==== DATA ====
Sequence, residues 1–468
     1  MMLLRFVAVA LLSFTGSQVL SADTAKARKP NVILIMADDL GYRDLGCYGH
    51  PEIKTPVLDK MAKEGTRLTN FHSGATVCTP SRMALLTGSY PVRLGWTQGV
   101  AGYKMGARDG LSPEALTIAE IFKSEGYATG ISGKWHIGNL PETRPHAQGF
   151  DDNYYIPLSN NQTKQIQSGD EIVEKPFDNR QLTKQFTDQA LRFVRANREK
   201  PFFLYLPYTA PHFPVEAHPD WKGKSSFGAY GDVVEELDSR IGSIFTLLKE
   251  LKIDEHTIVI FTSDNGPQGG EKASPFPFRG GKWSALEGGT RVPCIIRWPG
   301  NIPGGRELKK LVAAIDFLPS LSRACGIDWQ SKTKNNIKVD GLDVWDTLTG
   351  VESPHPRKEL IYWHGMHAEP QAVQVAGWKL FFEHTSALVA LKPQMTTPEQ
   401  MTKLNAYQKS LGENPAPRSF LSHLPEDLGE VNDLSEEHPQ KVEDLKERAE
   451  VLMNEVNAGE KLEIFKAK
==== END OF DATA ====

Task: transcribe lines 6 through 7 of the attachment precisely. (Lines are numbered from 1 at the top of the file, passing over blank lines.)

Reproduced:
   201  PFFLYLPYTA PHFPVEAHPD WKGKSSFGAY GDVVEELDSR IGSIFTLLKE
   251  LKIDEHTIVI FTSDNGPQGG EKASPFPFRG GKWSALEGGT RVPCIIRWPG